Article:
When using Census information in GIS, you need to have both geographic boundary files (e.g., census tracts) and the census data (attribute tables) that join to those boundary files.
Please follow these instructions to download 2010 and 2000 data from the census: Census Tutorial: Downloading and Mapping American FactFinder Data.
Data available depend on the year. After 2000, estimates are collected and published depending on the how big the population of area is. Please see American Community Survey for estimate schedules. For the years 2000 and 1990, data typically come from either the 100% census (SF1 and SF2) or from the sample “long form” sent one out of every several households (SF3 and SF4). The 100% SF1 data has basic demographic information on population counts, age, gender, race, ethnicity, and household/family relationships. The sample SF3 data contains a wealth of more detailed information including income, employment, education, transportation to work, language, and ancestry.
- Cartographic boundary files from the 2010 TIGER/Line Shapefiles Main Page . This is a good place to get the Zip Code Tabulation Area boundaries, but make sure you read about them first – ZCTAs are not the same thing as Zip Codes. See this ZCTA description site from the Census Bureau.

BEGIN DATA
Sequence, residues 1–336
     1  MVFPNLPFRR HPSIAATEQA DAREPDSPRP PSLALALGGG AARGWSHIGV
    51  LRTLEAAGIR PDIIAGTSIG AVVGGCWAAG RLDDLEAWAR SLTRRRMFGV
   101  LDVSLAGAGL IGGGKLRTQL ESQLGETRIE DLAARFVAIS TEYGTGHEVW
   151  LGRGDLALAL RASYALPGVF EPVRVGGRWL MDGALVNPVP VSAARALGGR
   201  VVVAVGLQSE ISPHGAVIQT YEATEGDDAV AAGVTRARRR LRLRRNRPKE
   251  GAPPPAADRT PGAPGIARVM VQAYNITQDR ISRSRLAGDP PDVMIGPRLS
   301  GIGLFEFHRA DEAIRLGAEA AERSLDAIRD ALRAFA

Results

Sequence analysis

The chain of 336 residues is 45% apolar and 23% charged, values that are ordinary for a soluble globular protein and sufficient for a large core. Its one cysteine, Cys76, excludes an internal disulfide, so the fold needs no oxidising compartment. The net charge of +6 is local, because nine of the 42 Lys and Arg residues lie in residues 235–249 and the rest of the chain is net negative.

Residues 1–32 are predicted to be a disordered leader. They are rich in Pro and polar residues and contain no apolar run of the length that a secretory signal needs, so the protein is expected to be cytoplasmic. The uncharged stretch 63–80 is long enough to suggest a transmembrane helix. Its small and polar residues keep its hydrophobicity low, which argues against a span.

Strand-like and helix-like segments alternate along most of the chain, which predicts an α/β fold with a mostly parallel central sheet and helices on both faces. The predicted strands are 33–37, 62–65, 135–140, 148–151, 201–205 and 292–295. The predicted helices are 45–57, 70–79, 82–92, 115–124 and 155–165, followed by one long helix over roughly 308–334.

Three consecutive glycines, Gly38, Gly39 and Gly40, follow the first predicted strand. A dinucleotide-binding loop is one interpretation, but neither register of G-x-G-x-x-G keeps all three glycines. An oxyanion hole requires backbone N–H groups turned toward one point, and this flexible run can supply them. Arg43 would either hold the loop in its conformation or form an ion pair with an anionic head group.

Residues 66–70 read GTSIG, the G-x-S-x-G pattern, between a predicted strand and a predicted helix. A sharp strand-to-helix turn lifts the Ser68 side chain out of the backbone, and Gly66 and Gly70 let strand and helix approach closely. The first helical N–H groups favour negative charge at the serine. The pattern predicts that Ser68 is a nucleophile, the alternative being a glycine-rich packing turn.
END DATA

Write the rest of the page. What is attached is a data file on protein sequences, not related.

- Many states also serve census data in GIS format. For Massachusetts, see MassGIS 2010, MassGIS 2000 and MassGIS 1990.
- Neighborhood Change Database, created by Geolytics, is historic tabular census data which has been normalized to the 2010 census boundaries. This allows users to compare change over time. This service is available to the Tufts community only.
- National Historic GIS Project is a project to digitize and distribute aggregated census data for US Censuses 1790-2000. Also included are boundary GIS shape files for previous censuses. An invaluable site for historic research in US. Easy to use interface.
- Historical Census Browser (University of Virginia, Geospatial and Statistical Data Center) This is an excellent site for viewing historical census data and understanding what kinds of information previous US Censuses recorded. It does not have download capabilities and does not include GIS boundary files (use the National Historic GIS Project site above for that). I suggest that you go to this one first if you are not familiar with historic census information.
- IPUMS USA Integrated Public Use Microdata (Minnesota Population Center, University of Minnesota) is very good site with census samples from different years, information about previous censuses, including enumeration forms ( the questions asked) and lists of variables for all US censuses. Also has an international section.
- ICPSR Historical, Demographic, Economic, and Social Data: The United States, 1790-1970. Tufts University (and many other university researchers) can download historical US census data from this site. Note this site is for experienced users. See the university reference librarian for assistance. To view data from this series, see the Historic Census Browser from the University of Virgnia described above.